Why are HNIs moving important assets overseas?
How are the Pandora Papers different from the previous Panama Papers leaks, revealed by the ICIJ five years ago? Unlike the Panama Papers which came from a single source, a law firm called Mossack Fonseca, the Pandora Papers come from 14 different vendors, whose identities have been withheld. This is a much more complete picture of how the wealthy move their wealth from one tax jurisdiction to another, perhaps to evade taxes or to have a system of “tax planning.” more efficient “. The distinction between escape and planning is quite thin.
Leaks from the International Consortium of Investigative Journalists (ICIJ) (the Pandora Papers are the seventh largest, the first being Panama and Paradise) have shed light on the role of tax havens and the service they render to the elite rich world to escape taxation and surveillance in their home countries.
The data is in 11.9 million files, consisting of documents, images, emails, spreadsheets, presentations, audio and video files, and even ink on paper. Much of the work was done in secret for almost two years. Although records date back to the 1970s, most of the data refer to the period 1996 to 2020.
The G20 since the Lehman crisis has taken up this issue, how to avoid base erosion and profit shifting (BEPS). The role of tax havens is troubling because they are the source of huge tax losses. The UK itself is losing significant tax revenue due to its own Crown territories and places like the British Virgin Islands. But despite decades of
Labor and Conservative governments, the UK has not been able to close the loophole, leading Britons to question whether the political will is strong enough.
The Pandora Papers reveal a new path, naming individual states in the United States, which now offer trust structures to conceal ownership of the secret. Previously, Switzerland was accused of being silent on the safeguard of ill-gotten wealth in Swiss banks. Now they are even sub-sovereign entities like the states of the United States. There is an elaborate ecosystem that allows this, with law firms and banks also complicit.
The Pandora Papers show that nearly 4,000 banks have helped their clients set up shell companies or offshore trusts to keep their wealth out of the eyes of regulators. The G20 BEPS agenda is now updated as BEPS 2.0. which consists of two pillars. The first is that of the fair distribution of profits and taxable income. The second is a global minimum corporate tax, so no matter where you go, at least the minimum tax will apply.
This US-led initiative has already garnered support from around 132 countries for a minimum tax rate of 15%. The first pillar will imply that even if the profits are recorded in a tax haven, as long as they are not hidden, the home country can legitimately tax them. For decades, big companies like Apple, Google, Amazon have registered the profits of their European and global revenues in the weak tax haven of Ireland. It will now end.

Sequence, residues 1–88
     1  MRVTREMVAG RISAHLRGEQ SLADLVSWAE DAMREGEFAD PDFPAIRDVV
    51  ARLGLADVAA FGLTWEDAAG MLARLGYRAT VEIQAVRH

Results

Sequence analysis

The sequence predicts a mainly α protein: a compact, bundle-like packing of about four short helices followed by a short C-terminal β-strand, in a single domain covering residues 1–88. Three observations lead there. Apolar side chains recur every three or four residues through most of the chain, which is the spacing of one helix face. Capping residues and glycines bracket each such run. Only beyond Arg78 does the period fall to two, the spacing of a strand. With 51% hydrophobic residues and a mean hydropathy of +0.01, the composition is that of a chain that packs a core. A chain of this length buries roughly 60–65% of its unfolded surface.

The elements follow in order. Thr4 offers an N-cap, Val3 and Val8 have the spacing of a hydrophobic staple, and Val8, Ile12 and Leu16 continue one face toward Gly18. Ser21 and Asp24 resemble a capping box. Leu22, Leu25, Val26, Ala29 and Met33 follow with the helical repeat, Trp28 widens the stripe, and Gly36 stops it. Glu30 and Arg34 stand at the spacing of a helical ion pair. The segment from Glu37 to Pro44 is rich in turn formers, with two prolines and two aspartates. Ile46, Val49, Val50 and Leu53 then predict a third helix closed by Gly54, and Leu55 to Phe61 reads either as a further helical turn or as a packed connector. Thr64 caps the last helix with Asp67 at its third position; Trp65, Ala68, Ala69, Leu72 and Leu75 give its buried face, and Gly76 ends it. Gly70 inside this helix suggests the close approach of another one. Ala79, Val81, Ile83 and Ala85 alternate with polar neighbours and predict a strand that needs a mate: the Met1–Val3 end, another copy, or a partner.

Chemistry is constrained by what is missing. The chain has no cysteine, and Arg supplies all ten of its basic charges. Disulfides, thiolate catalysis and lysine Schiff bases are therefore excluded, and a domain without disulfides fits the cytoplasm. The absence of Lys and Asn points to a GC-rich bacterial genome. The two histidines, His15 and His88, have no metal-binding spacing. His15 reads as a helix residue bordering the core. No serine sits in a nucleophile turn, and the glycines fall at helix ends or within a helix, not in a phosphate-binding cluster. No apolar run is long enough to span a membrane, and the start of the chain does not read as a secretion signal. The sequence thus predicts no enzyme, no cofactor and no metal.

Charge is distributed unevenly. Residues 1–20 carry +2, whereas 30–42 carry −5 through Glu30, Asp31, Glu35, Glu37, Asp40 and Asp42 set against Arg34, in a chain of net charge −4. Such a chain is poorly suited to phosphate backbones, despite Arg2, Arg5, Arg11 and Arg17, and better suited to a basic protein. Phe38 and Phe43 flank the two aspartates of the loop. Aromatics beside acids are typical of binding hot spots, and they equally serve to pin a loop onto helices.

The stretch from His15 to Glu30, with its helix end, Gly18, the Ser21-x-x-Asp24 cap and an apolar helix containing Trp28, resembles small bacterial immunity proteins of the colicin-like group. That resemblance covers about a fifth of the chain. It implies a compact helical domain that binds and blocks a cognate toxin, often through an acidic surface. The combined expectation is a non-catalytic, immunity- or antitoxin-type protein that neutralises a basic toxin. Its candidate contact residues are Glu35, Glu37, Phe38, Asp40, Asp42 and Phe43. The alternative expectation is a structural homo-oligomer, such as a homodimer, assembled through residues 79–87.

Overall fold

Indeed, the European Union has fined Ireland for such irresponsible taxation, which amounts to “stealing taxes” from other jurisdictions.
In India, too, a lot of rich people say that they have transferred their wealth to offshore trusts and that it is legal. Perhaps they fear that the tax authorities will take away part of their wealth in the form of wealth tax? The sharply rising stock market and the mega injection of liquidity have dramatically increased wealth inequalities in India and around the world. Most developed countries have a high inheritance or inheritance tax. India does not. Is there a fear of the return of inheritance tax?
Leaving aside the fugitives who defrauded banks or defaulted on large loans from public sector banks, another question to think about is that even though the wealth has been legally salted, does this reflect a capital flight? High net worth individuals move large assets overseas? What is their anxiety? Do they think their wealth is not safe in India?
If India were to fully open its capital account, would there be a massive flight of capital? The Pandora Papers raise many questions that require serious soul-searching. However, we hope that, like the Panama and Paradise Papers, they will not make the headlines of the forgotten newspapers in a fortnight.
(Dr. Ajit Ranade is Economist and Senior Researcher, Takshashila Institution) (Syndicate: The Billion Press) (e-mail: [email protected])